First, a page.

You would think their years of experience, the people who write product instructions would stop addressing 12-year-olds who already know how everything works -- they can assemble and disassemble anything by instinct -- and show compassion for us adults who need all the simple, basic directions we can get.
Last summer, I purchased what purported to be an oscillating fan. It was a handsome product. A row of cute buttons, in graduated shades of blue, adorned the white plastic base. I found only one flaw when I got home with it. Unlike the display unit in the store, my fan had no blades and no protective grill. Rather, blades and grill were inside the carton, but might as well have been back in the factory because they were wrapped in a sheet of assembly hieroglyphics.
Rashly, I plunged ahead. I spread the assemble-it-your-self parts about the living room floor in the same sequence as they appeared in the exploded diagram. That was a mistake, because it became increasingly apparent the fan in the diagram was expensive model Z. The fan on my floor was cheap model X. Invariably, that is a bad omen.
Once I realized I had wasted 20 minutes trying to slip Blue Plastic Blades on White Motor Spindle -- backward -- Step A was simple enough. I corrected that error. Then, I discovered the back half of Protective Grill should have been installed first.That little detail, naturally, did not appear in the diagram. I found it two hours later lurking in Step K.
Who, besides an instruction writer, has a mind that moves from K to C to A? Starting over, I worked back to A, then hit the pale blue button marked "low." The fan hummed meditatively. Nothing moved.
That is how I happened to uncover a small-print postcript: "Owners of model X must screw Plastic Drum over Motor Spindle before attaching Blades." What, I beg to inquire, are instructions for model Z (which requires no Plastic Gizmo) doing in a box containing model X (which does)? If you can afford expensive model Z, you don't even need instructions. You can hire a mechanic to assemble it.
By the next afternoon, I was ready again to hit "low." The fan purred like a Rolls-Royce. It did not oscilate, however. It has never oscillated, but as there is no word in the instruction manual about oscillation, I suspect that feature stumped the writer, too.
My real complaint is that these writers never supply the truly essential information up front. Merely an option, but it would have been a thoughtful touch had the fan author advised: "Before hitting royal-blue 'high,' remove all loose objects from the room or, better yet, nail the fan to the floor." The fan shook for a moment like a disco dancer who had stepped on bubble gum before it began gyrating across the room. It did a fandango with the foot of the coffee table, lurched into a gavotte, and would have embraced the televesion set for a gallop into the kitchen i I had not yanked its plug.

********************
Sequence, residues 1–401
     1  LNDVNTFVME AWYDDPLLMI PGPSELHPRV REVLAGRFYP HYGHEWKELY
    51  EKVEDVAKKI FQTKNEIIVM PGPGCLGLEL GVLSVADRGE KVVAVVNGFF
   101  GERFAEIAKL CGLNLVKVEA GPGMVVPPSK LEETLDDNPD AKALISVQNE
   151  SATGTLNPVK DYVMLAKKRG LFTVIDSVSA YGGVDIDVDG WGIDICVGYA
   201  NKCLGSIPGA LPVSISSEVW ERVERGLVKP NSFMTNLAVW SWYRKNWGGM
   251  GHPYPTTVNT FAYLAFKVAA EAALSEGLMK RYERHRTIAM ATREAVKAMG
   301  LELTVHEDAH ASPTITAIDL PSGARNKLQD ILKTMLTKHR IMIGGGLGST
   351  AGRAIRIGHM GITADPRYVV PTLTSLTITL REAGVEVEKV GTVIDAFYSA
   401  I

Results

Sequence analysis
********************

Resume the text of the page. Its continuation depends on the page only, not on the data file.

The worst offenders may be instruction writers for battery-operated toys. They always assume you have a degree in electrical engineering and understand how a battery works. In this regard, I shall never forget One-Bear Band and Chirping Bird.
One-Bear Band was a cuddly carnivore about nine inches high. According to instructions, after you inserted a battery in each leg, One-Bear would alternately bang the drum and clang the cymbal he was carrying if you depressed his cowboy hat. My ursine percussionist stood there and sulked. I was about to pound that Stetson into a skimmer when a 12-year-old rushed in where instructions failed to tread, mumbled some technical mumbo-jumbo ("Wrong battery , wrong leg"), and One-Bear clang-banged a cadence the United States Marine Corps Band would envy.
With Chirping Bird ("Life Of Our Next Party") there was only one battery and no leg. And worse, no 12-year-old. There was a WARNING . . . printed, of all places, under a wing. "WARNING: battery carrier will jam if not inserted rounded corners up."
Well, that was right. Chirping Bird was the hit of that particular party, as promised, but just when everyone had gone home, C. B. loosened up for a truly operatic warble. Nothing would pry out the battery carrier. After a night of that canary's prodigious serenade, I was not at all surprised when a neighbor telephoned my office next afternoon. "I'm not certain," she said, "but I believe there's a . . . actually, it sounds like a macaw trapped in your house, rather panic-stricken."
Would you care to guess how long it takes a D-cell alkaline to "chirp" itself into quietude?
That's what I mean. Instruction writers never give you the really essential information up front.